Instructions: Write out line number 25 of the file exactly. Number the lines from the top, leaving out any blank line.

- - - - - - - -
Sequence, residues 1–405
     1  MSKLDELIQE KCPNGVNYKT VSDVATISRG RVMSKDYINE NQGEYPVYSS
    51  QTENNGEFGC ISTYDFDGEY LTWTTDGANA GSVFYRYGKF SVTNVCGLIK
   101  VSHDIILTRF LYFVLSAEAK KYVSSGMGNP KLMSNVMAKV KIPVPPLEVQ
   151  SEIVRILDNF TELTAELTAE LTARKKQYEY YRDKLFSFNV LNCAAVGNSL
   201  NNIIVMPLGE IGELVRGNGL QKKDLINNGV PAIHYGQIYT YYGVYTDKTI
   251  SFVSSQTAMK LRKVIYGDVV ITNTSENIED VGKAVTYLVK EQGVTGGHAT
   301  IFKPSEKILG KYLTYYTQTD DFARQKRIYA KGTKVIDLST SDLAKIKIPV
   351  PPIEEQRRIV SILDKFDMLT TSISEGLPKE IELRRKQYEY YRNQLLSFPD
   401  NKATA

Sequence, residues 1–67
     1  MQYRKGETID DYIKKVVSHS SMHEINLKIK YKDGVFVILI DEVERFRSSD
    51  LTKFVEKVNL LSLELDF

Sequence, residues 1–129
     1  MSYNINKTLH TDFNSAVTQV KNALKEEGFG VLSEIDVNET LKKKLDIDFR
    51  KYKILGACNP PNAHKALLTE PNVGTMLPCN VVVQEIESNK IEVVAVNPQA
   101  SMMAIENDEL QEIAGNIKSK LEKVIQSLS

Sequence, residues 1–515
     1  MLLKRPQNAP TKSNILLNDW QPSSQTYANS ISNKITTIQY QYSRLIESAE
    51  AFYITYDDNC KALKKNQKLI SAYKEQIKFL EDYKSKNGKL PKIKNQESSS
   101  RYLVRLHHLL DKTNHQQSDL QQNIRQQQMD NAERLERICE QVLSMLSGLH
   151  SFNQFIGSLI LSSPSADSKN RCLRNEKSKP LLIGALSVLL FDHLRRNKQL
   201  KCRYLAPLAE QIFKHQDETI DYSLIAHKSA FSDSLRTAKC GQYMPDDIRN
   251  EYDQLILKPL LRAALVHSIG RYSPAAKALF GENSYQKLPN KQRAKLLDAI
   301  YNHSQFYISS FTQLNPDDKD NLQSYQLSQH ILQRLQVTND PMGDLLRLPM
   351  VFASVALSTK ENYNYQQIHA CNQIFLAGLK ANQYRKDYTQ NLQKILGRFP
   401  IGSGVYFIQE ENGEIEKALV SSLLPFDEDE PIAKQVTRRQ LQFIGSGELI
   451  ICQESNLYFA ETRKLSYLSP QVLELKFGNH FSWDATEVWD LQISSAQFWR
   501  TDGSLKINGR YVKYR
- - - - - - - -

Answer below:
   301  YNHSQFYISS FTQLNPDDKD NLQSYQLSQH ILQRLQVTND PMGDLLRLPM